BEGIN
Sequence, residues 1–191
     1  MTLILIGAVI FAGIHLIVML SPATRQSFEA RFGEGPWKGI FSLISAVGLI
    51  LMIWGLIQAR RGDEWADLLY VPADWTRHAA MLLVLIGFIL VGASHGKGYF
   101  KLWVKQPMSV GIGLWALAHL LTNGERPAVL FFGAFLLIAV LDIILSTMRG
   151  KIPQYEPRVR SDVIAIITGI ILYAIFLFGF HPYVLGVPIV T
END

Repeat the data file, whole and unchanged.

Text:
Sequence, residues 1–191
     1  MTLILIGAVI FAGIHLIVML SPATRQSFEA RFGEGPWKGI FSLISAVGLI
    51  LMIWGLIQAR RGDEWADLLY VPADWTRHAA MLLVLIGFIL VGASHGKGYF
   101  KLWVKQPMSV GIGLWALAHL LTNGERPAVL FFGAFLLIAV LDIILSTMRG
   151  KIPQYEPRVR SDVIAIITGI ILYAIFLFGF HPYVLGVPIV T